brodmann_area_1: [256x256x256 logical] % binary map representing a Brodmann area
brodmann_area_2: [256x256x256 logical] % binary map representing a Brodmann area
brodmann_area_3: [256x256x256 logical] % binary map representing a Brodmann area
brodmann_area_4: [256x256x256 logical] % binary map representing a Brodmann area

When only the scalp as output is required from the segmentation, the scalp-mask includes also the brain and skull tissues.

Figure 3. The binary representation of the outside surface of the scalp. The colors represent only zeros and ones.

This representation differentiates the boarder of the outer skin, but not the inside skin surface. The advantage of such a representation is that it is created faster.


cfg              = [];
cfg.funparameter = 'scalp';
cfg.location     = 'center';
ft_sourceplot(cfg, scalp);

Indexed representation

Another way of representing tissue types is done by indexing. When indexing, one field structure can represent multiple non-overlapping tissues or brain areas with integer numbers. Everything that doesn’t belong to any tissue types is represented by 0 and the voxels which belong to different tissues are represented by different numbers (Figure 3). The index-numbers must start with 1 and should increased one-by-one for each subsequent tissue type.

An additional field in the structure contains the labels that describe the names of the tissues for each index number. The order of the names in the label field are according to the index numbering. This representation is memory wise more efficient in the case of many tissue types and therefore often used for representing a brain atlas.

An example of an indexed segmentation data-structure (the AFNI TTatlas+tlrc segmented brain atlas

atlas            =   ft_read_atlas('TTatlas+tlrc.BRICK');

             dim: [161 191 141]
       transform: [4x4 double]
           coord: 'tal'
            unit: 'mm'
          brick0: [161x191x141 uint8]  % integer values from 1 to 50, (0 means unknown)
          brick1: [161x191x141 uint8]  % integer values from 1 to 69, (0 means unknown)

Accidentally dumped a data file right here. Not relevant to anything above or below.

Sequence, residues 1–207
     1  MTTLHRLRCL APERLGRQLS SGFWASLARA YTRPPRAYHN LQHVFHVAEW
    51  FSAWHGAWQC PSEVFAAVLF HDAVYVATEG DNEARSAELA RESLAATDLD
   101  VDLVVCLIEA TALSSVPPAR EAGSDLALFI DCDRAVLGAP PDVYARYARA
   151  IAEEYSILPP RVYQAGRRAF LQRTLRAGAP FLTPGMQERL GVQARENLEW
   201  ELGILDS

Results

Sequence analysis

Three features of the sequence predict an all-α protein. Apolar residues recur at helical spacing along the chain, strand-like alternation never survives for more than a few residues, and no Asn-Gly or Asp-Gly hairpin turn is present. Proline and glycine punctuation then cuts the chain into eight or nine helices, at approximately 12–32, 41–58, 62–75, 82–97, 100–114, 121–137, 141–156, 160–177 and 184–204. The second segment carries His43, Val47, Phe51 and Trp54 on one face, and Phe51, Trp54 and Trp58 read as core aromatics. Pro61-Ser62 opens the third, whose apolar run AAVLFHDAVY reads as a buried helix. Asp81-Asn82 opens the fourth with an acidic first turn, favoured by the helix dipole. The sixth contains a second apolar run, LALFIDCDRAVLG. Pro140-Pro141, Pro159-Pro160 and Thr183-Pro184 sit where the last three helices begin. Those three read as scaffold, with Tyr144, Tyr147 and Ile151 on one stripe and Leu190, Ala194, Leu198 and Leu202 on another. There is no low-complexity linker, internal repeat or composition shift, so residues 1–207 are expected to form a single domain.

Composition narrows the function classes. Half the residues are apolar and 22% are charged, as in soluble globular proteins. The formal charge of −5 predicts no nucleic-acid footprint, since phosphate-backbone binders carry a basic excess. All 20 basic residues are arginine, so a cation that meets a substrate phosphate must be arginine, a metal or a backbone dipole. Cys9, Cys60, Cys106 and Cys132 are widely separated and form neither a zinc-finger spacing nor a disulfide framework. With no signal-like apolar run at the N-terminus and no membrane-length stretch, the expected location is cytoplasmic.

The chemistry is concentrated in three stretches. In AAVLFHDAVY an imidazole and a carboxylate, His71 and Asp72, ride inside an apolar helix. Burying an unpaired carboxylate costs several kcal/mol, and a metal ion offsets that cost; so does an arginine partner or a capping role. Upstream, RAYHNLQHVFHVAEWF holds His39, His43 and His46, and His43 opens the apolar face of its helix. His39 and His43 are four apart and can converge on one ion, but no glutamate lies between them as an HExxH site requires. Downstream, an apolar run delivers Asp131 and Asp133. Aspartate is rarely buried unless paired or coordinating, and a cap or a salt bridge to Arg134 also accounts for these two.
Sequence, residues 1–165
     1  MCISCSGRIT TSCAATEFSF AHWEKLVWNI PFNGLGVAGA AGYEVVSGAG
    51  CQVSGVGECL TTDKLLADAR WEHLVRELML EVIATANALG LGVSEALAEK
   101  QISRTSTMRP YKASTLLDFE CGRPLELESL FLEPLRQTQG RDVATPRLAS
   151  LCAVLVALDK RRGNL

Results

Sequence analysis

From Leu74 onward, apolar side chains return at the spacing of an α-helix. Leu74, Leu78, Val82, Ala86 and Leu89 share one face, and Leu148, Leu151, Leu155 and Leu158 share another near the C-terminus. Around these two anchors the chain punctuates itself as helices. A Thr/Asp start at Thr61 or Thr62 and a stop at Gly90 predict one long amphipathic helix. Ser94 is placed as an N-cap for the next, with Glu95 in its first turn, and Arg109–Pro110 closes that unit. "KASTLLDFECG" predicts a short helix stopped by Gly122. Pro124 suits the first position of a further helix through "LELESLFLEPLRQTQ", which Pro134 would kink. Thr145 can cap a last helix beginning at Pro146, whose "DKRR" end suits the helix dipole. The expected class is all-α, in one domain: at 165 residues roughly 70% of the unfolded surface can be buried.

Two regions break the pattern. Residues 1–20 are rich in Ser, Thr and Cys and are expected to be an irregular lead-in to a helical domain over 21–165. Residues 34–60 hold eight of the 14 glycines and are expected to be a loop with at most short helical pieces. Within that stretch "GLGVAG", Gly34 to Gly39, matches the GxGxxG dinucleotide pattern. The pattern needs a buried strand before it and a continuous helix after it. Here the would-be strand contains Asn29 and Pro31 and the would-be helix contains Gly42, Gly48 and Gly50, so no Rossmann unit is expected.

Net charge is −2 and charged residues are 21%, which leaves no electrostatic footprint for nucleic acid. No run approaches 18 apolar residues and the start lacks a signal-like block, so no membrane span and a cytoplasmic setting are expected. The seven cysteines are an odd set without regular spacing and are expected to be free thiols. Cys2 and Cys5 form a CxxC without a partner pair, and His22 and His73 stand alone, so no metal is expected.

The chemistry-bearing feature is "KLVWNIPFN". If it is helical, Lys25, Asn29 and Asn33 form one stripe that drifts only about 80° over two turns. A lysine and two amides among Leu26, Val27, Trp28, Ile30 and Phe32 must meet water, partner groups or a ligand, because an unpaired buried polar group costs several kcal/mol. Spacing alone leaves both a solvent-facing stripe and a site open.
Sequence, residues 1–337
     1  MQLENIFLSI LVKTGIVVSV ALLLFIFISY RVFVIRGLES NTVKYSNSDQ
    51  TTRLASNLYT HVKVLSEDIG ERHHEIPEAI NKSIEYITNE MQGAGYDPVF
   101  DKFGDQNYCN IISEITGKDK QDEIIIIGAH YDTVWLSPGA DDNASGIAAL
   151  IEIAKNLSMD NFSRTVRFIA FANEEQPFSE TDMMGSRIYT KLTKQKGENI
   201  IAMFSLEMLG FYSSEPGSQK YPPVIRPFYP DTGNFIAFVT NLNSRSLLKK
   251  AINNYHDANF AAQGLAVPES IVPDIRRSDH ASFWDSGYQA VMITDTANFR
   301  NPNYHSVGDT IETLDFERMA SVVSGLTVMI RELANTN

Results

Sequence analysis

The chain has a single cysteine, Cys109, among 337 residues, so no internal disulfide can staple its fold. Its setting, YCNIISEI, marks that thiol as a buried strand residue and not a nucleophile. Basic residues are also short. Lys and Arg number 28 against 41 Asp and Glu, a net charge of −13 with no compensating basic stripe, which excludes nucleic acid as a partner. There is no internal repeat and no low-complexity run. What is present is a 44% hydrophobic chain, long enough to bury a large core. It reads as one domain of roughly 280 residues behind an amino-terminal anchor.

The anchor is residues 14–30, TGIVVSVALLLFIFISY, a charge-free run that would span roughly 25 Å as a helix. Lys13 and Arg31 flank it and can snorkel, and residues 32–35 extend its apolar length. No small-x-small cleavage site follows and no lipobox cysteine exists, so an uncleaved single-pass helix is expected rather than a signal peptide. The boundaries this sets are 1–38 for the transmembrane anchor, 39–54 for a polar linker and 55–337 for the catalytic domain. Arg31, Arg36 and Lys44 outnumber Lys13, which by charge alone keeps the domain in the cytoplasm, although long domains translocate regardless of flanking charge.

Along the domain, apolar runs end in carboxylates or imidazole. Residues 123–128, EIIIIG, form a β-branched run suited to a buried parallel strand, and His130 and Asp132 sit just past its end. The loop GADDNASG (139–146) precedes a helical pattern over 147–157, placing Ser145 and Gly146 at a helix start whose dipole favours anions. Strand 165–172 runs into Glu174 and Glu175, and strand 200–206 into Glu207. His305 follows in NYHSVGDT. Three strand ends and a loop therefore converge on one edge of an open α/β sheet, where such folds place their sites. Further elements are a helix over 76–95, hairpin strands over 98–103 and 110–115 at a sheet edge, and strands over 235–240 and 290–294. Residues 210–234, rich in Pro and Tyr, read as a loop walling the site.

brick0label: {50x1 cell}          % names (labels) of brain areas indexed in brick0
     brick1label: {69x1 cell}          % names (labels) of brain areas indexed in brick1

In this structure, the brick0 and brick1 field contains two different indexed representations of brain areas. The corresponding labels of the index-numbers can be found in the briack0label and in the brick1label fields. Note that the nomenclature “brick0” and “brick1” is AFNI specific and does not mean anything in special.

An indexed representation can also be plotted to inspect the different tissues in an image (see below).

Figure 4. Plot of the integer values that are represented in the indexed “brick0” representation of the AFNI atlas. The figure was made with “colormap lines”.

Conversion between probabilistic and indexed representations

The following code demonstrates how to create an indexed representation from the earlier obtained probabilistic/boolean brain, skull and scalp tissues.

% convert to indexed representation
bss_i                = bss;
bss_i.seg            = double(bss.scalp);         % scalp is logical but seg will contain: 0,1,2,3
bss_i.seg(bss.skull) = 2;                         % skull is represented by index 2
bss_i.seg(bss.brain) = 3;                         % brain is represented by index 3
bss_i.seglabel       = {'scalp','skull','brain'}; % label-order corresponds to index from 1 to 3

cfg                  = [];
cfg.funparameter     = 'seg';
cfg.location         = 'center';

% change the colormap
map = [0 0 0; 1 0 0; 0 1 0; 0 0 1];


Figure 5. The brain (blue), skull (green) and scalp (red) after segmentation with indexing. The colors represent integers from zero to three.

It is always possible to convert a segmentation with an indexed representation to a probabilistic binary representation. The converse, i.e. a conversion from probabilistic to indexed representations, is not always easily possible.

An indexed segmentation can represent only non-overlapping tissues/brain areas, the only information that is represented is if a voxel belongs to one particular tissue/brain area. Therefore, it is possible to directly convert a binary probabilistic representation of a segmentation with non-overlapping tissue-types into an indexed representation.

When a non-binary probabilistic segmentation is used and when the binary representations of the different tissue types partially overlap, the conversion to an indexed representation would involve a disambiguation of each voxel to which tissue/brain area it belongs to and the more fine-grade information of the probability values would disappear.

Figure 6. Schematic figure of conversion between different representation of the segmentation. Binary probabilistic representation of non-overlapping tissue-types can be directly converted to an indexed representation (A). When an overlapping or/and non-binary probabilistic representation is converted to indexed, the representations are not equivalent (B)